The regime’s prioritization of expelling US forces from Syria over combating ISIS will likely inhibit its ability to successfully roll back ISIS gains. The regime perceives the US presence as supporting ISIS cells, including the August 10 ISIS attack on the regime convoy.[27] This means that because the regime sees the US presence and ISIS as intertwined, the regime undertakes activities that distract it from actively combating ISIS, such as deployments against the line of control with the SDF.[28] This incorrect framing and threat perception leads the regime not to strike at the source of ISIS’s strength in Syria, which is its ability to infiltrate populated areas from rural support zones. ISIS is already infiltrating populated areas.[29] Salafi-jihadi insurgencies draw their strength from local Sunni populations, and as ISIS increases its infiltration in populated areas, it will become harder to dislodge ISIS.[30]

Figure 3. The Salafi-Jihadi Movement in the Middle East

Source: Kathryn Tyson.


Author: Liam Karr

The Nigerien junta will likely expedite efforts to remove French forces from Niger due to France’s support for ECOWAS. The Nigerien junta is accusing France of supporting Salafi-jihadi groups and violating its sovereignty. It annulled its military agreements with France between August 4 and 9.[31] France politically supports ECOWAS’s plans for a military intervention and is considering military support for ECOWAS.[32] Niger is following a similar model to that of the Malian junta, which used operating constraints and disinformation to delegitimize and gradually coerce France from Mali.[33] Niger’s efforts have not reached the same level of hostility as Mali’s efforts in 2021–22, when Mali’s Wagner allies staged a false-flag massacre of civilians to pin on France.[34] Before the coup, 1,500 French soldiers in Niger worked with Nigerien forces to degrade Salafi-jihadist groups along the Nigerien-Malian border.[35]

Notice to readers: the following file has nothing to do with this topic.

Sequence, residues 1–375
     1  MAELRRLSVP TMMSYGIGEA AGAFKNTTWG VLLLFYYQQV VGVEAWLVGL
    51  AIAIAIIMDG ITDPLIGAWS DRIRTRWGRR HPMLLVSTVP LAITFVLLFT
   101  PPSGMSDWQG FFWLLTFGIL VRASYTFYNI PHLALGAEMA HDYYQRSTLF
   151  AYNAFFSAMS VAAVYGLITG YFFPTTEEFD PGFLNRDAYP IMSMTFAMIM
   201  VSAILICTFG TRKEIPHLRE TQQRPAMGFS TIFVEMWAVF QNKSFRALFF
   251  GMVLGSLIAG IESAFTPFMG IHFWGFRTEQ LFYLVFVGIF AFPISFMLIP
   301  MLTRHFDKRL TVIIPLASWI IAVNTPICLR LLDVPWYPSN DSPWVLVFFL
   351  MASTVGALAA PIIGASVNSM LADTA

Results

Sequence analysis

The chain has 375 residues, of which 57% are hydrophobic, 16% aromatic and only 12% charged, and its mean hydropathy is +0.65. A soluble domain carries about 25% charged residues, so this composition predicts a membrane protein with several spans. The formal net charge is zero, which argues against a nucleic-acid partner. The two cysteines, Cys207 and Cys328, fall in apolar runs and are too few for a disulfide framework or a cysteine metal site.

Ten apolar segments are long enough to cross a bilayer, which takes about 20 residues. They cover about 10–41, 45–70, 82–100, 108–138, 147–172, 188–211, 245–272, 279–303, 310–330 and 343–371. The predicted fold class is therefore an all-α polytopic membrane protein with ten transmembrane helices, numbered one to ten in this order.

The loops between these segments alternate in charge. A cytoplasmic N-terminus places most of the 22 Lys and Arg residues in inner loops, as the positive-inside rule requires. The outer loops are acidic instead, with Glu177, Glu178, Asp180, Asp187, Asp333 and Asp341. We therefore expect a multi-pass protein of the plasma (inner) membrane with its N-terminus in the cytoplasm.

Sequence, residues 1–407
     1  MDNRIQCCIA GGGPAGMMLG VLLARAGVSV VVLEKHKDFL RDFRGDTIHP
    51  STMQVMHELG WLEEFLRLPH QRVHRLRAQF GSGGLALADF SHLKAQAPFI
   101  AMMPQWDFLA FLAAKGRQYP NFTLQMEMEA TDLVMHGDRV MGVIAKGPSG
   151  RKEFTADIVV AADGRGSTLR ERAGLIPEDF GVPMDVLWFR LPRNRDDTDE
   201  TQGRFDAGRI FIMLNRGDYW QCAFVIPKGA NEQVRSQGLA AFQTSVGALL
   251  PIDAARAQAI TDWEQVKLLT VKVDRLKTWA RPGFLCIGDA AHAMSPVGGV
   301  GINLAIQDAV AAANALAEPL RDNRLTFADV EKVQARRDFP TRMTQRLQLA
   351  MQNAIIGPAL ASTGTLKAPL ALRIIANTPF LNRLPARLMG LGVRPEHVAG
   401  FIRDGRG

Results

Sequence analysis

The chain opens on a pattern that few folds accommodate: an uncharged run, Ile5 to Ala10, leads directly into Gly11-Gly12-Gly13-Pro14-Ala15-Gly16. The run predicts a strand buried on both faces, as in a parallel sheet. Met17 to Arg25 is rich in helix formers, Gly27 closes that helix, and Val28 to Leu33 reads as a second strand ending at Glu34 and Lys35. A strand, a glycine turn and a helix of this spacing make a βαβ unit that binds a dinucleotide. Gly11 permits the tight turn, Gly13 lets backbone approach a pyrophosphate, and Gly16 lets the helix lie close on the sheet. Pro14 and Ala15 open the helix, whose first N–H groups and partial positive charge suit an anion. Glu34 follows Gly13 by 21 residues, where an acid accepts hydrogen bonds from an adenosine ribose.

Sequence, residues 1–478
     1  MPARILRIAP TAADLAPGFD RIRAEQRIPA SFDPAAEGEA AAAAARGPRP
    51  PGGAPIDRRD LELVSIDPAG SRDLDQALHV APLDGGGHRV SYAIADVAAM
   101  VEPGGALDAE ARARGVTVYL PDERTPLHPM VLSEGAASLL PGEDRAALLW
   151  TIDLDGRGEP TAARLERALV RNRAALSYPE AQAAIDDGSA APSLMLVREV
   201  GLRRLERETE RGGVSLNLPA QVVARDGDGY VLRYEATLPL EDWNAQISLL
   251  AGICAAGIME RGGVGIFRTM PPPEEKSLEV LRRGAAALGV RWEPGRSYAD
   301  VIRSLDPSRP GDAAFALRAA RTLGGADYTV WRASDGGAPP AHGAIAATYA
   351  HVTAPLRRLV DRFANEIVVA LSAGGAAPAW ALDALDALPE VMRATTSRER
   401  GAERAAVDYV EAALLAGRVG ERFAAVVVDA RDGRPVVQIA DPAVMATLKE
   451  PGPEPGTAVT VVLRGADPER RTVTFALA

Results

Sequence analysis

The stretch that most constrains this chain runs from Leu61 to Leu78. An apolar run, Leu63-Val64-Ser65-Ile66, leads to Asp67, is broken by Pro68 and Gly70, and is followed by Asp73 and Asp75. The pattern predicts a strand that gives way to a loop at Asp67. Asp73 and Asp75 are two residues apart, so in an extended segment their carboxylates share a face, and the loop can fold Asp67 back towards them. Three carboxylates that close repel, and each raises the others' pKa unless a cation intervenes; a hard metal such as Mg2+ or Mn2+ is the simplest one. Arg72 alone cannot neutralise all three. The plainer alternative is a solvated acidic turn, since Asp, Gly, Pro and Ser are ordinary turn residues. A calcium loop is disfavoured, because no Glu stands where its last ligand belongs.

• France gave its “full support” to ECOWAS’s decision on August 10 to mobilize a standby force to “restore constitutional authority in Niger.”[36] French media reported on August 11 and 12 that France is considering providing military and logistical support for an ECOWAS invasion.[37]
  • Mali repeatedly accused France of violating its sovereignty in 2022, annulled its military agreements with France in May 2022, and accused France of supporting Salafi-jihadi groups in August 2022.[38] These developments occurred over several months, whereas the Nigerien junta has done all these things in a month.
  • The Wagner Group orchestrated a false-flag civilian massacre to discredit French forces in Mali in April 2022.[39] Wagner-linked social media accounts blamed France for massacring a dozen civilians in northern Mali and circulated pictures of the bodies. France released satellite images showing Wagner mercenaries moving the bodies and taking the pictures.[40]

The Nigerien junta may allow the United States to continue operating in Niger due to the more conciliatory US response to the coup. The United States has at least 1,100 personnel in Niger and a drone base that is crucial for regional intelligence, surveillance, and reconnaissance.[41] The junta has not sought to undermine or antagonize the US presence. The United States did not threaten the junta by supporting ECOWAS’s decision to mobilize a standby force.[42] Some US actions post-coup, such as refusing to call for Nigerien President Mohamed Bazoum’s reinstatement and direct negotiations with the junta, have legitimized the junta, which helps solidify its rule. The junta would interpret any US efforts to inhibit Wagner activity in Niger as a violation of its sovereignty, which would jeopardize this fragile status quo. The junta has already reached out to Wagner for a smaller and more limited deployment to protect the Nigerien capital.[43] The United States has sanctioned Wagner Group and several affiliated individuals and repeatedly pressured countries to cease work with the mercenaries.[44]